An Offer!

This post has been updated to clarify some points that were obviously confusing. 5/20/16

Oh my god, you got an offer of representation! Congratulations! That’s HUGE. So exciting! The very next thing you need to do is freak out. I mean, go into full on panic mode. The clock is ticking! Email all the other agents who have your manuscript and tell them they have 24 hours to decide whether they want to make an offer too.

This is a good idea, because then agents, very very busy people, will all say “Oh, crap. I don’t have that kind of time,” and drop out, making your decision very easy.

Obviously I’m being facetious. But this is something we see ALL THE TIME. Most weeks we get follow-ups to queries saying the author has an offer of representation, and the offering agent has given the author until x date (often a week or two) to claim their prize.


I get the other agents’ motivation. Putting a time limit on these things prevents the endless stringing-along while all the other agents read and decide. Authors: You don’t have to agree to it. If the offering agent really wants to sign you, they’ll wait. They’ll wait and do battle with other offering agents. They’ll wait, and check in, and tell you again how much they love your work. If after two weeks, their interest in your work expires, well, they probably won’t be the best agent for you anyway.

Here’s the other side, and I’ll speak for myself. Other agents may have different feelings. But when I have a pile of urgent things that need to be done for my existing clients, and say this week someone has been particularly taxing, getting an email saying “you gotta read this and decide if you want to get married in the next week”, I may start to think, “Ugh. Here’s a demanding author. Do I really have time for her? Will she always be so insistent?”

Here’s a better way, in my humble agenty opinion: When you get an offer, tell the offering agent, “Hooray! Thank you! I need to get back to some people, and I will give you my response as soon as I can.”

If OA says, “You have two weeks to decide.” you can say, “Ok, I understand your time is valuable. I will try to respond in that time, but it may take a little longer to hear back from everyone. I hope that time limit is flexible.” Hopefully OA will understand. ETA: This doesn’t mean you should string them along for the next six months. But if it takes two weeks and 2 days, or three weeks, or a month, OA should be ok with that.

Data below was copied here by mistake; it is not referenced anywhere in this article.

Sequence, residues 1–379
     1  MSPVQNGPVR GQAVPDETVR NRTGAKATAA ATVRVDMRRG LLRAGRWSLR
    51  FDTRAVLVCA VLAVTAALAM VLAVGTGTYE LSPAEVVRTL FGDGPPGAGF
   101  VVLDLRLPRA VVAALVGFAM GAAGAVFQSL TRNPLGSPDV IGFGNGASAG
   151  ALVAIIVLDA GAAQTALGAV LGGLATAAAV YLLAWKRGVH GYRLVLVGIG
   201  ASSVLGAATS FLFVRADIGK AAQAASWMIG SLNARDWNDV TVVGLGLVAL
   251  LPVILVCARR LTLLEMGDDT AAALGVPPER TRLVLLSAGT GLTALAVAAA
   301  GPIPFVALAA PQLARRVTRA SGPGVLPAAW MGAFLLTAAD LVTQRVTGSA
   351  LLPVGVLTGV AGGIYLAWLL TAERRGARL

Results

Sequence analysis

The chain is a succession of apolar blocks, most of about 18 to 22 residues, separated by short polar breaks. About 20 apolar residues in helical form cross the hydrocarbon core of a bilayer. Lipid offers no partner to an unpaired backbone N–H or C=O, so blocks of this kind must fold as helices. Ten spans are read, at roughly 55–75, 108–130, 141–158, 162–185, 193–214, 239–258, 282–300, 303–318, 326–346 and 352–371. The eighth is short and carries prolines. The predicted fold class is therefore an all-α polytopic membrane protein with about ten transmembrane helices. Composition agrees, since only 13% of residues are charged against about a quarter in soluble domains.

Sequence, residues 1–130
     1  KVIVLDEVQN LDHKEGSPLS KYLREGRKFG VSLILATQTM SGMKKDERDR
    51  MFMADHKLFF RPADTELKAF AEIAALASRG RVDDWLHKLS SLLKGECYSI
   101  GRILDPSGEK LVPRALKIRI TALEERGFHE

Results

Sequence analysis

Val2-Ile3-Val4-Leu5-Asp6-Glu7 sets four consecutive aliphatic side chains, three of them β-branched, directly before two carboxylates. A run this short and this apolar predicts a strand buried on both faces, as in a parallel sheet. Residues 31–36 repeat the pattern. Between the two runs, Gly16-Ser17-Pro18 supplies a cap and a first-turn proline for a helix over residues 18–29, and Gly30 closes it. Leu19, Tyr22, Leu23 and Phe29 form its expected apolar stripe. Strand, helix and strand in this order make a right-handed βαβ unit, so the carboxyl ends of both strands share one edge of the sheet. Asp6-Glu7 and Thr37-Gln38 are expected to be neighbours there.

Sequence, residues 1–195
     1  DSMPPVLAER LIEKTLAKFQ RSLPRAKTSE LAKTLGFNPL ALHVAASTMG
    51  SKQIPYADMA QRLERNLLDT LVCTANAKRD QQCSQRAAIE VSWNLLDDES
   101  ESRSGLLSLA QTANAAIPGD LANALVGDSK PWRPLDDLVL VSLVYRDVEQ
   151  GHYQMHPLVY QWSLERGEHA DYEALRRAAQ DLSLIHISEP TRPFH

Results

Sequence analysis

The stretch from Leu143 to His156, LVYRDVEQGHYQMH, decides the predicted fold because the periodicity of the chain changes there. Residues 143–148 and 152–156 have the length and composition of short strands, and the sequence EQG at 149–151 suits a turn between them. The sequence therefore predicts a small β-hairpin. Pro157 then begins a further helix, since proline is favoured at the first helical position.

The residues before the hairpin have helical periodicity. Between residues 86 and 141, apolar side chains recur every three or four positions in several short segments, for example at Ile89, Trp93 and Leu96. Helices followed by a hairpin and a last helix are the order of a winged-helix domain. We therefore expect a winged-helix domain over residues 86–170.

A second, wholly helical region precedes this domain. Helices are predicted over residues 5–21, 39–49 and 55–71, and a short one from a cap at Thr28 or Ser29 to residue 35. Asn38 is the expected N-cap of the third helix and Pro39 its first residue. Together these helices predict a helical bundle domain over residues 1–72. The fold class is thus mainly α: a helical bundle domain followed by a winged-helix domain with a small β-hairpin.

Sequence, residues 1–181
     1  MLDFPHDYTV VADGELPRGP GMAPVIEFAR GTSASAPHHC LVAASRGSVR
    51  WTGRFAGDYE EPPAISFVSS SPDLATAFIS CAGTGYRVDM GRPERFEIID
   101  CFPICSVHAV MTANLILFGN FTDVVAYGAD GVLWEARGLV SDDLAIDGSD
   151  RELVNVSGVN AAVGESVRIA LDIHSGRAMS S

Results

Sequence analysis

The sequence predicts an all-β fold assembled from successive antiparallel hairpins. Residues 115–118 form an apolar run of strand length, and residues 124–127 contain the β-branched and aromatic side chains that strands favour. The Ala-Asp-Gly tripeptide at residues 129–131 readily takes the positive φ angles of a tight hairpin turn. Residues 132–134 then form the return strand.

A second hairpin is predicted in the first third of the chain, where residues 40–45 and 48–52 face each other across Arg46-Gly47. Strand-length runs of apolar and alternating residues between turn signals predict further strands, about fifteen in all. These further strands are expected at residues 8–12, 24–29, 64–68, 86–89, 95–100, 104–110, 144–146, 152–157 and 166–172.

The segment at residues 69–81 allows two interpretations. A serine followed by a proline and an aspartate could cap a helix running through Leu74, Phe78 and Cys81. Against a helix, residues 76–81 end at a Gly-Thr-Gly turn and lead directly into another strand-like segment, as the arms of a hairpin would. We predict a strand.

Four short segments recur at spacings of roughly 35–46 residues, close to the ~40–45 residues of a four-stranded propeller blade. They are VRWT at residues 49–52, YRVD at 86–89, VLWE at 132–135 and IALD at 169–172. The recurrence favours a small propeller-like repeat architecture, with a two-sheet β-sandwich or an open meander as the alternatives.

Then you go back to other agents, and say “I have an offer, and I’d like to be able to respond to it within two weeks. But if you need more time than that, please let me know.” Instead of “I need to know within two weeks or else.” ETA: You’re making a very big decision that will impact your career for a long time to come. Easing up on the timelines gives everyone the room to breathe. You can interview people. You can think about things. You can weigh out your options. Yes, two weeks is usually enough to decide. But sometimes it isn’t.

Also ETA: I’m not advocating for the process to take forever and ever. We all need to be respectful of each others’ time. What I’m saying is that 1. an offer of representation shouldn’t expire after a certain number of days, and 2. you can tell agents you want to hear from them by a certain time, but if they are interested and need more time, it’s in your best interest to work with that.

We’re all human, and believe it or not, we want everyone to succeed. So when we hear you have an offer, we’re happy for you. We may want in, but if you seem like a demanding diva, we may walk away on that basis alone.

ETA: Asking for what you want and need is not acting like a diva. Not being flexible to force someone to do things your way with no leeway is.